How will the Internet of Things communicate?

Jonathan Strickland

Arwen_R/iStock/Thinkstock

We've talked about the Internet of Things a lot on Fw:Thinking (see one of our earliest episodes on it at the end of this post). It's the future in which all sorts of devices and sensors communicate with one another -- and with distant computers and other systems -- to operate in a seamless fashion and transform our world.

All of that communicating has to happen over some sort of network. Some devices might be hardwired into an existing network but others will need to communicate wirelessly. An ideal implementation would be to create mesh networks. These are networks in which nodes relay information across the network. Your various devices and sensors could operate as those nodes. This makes communication across the network robust -- even if one node fails, other nodes can route the information to where it needs to go.

There's no shortage of wireless protocols already -- Wi-Fi, Bluetooth and ZigBee are all solutions. While each one communicates via radio waves, they do so in different ways. And now a proposed newcomer could join the ranks - Thread, a wireless communication network that's an evolution of ZigBee.

Here's a quick breakdown on each type of wireless solution and its pros and cons:

WiFi: This is a local area wireless technology that uses 2.4 GHz ultra-high-frequency or 5 GHz super-high-frequency radio waves. This tech is great for sending large amounts of data wirelessly between devices. But it also requires a lot of energy to operate and many devices in the Internet of the Things model only require a small level of data throughput. In other words, this is overkill for many applications and would require you to change batteries in all your devices on a regular basis.

Bluetooth: Introduced by Ericsson back in the 1990s, Bluetooth technology allows for personal data networks. It transmits data over the frequency band between 2.4 and 2.485 GHz. It operates over shorter distances than WiFi and requires less power to operate. You can pair devices like phones, smartwatches, headsets, speakers, computers and more together. Even with the limited range, early Bluetooth implementations were a big drain on battery life. With the development of Bluetooth v4.0 came the ability to implement low-energy features that conserve power more effectively. Typically, devices connect back to a centralized machine like a computer or smartphone -- they don't "talk" to each other so they aren't a candidate for mesh networks. One thing to note - this standard is still evolving, so perhaps in the future things could change.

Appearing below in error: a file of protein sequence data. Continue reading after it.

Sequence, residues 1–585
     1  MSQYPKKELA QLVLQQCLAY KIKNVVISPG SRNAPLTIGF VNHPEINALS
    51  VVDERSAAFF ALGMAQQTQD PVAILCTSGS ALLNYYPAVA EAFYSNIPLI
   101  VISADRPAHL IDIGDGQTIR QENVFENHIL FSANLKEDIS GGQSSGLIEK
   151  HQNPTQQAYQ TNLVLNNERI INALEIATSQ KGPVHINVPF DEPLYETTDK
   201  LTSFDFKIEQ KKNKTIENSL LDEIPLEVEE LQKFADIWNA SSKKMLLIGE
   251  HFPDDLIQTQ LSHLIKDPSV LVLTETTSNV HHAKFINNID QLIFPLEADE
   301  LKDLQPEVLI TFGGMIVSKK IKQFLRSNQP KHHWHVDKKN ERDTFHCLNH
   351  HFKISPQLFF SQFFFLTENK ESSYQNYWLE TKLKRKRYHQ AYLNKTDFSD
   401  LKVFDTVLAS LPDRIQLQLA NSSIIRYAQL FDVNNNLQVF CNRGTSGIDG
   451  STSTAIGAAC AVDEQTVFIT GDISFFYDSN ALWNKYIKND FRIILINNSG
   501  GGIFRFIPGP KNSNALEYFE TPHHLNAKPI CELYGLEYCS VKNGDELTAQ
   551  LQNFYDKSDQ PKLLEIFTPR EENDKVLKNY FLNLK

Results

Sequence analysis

ZigBee: This standard is well-suited for mesh networks. The ZigBee standard allows for low-powered devices to send data along a network, with each device capable of relaying the data toward its intended destination. This lets you set up a really effective network -- you don't have to worry as much about getting out of range as you would with a Bluetooth device. As long as your ZigBee gadget can chat with another gadget in the network, you're set. So what's the downside? The main problem is that there are lots of different flavors of ZigBee implementation -- in other words, the standard isn't as standard as it might need to be.

Thread: The brainchild of an alliance between Nest, Samsung, ARM and a few other companies, Thread aims to anticipate the needs of the Internet of Things. Based on the current specifications, Thread would be able to support a network of up to 250 devices. Every house could be its own network, meaning your home could have up to 250 integrated devices interacting with you on a daily basis. Like ZigBee, Thread would allow for mesh networks -- all those devices would be capable of relaying data. Thread hopes to avoid the ZigBee problem of fractured standards by requiring a certification program for anyone wishing to incorporate the technology into a product.

I love the idea of Thread but the plan could still -- forgive me -- unravel. The challenge of creating a standard is that you have to get people (and companies) to convert to it. If Thread works exactly as promised but no one designs products that incorporate it, it'll be useless. The Nest products (thermostat and smoke detector) already run on a version of Thread.

If Thread can prove its usefulness, I think it'd be a solid platform for the Internet of Things. But to do that, the brains behind Thread have to convince everyone from consumers to manufacturers that they're actually solving a problem rather than adding to the list of already available alternatives.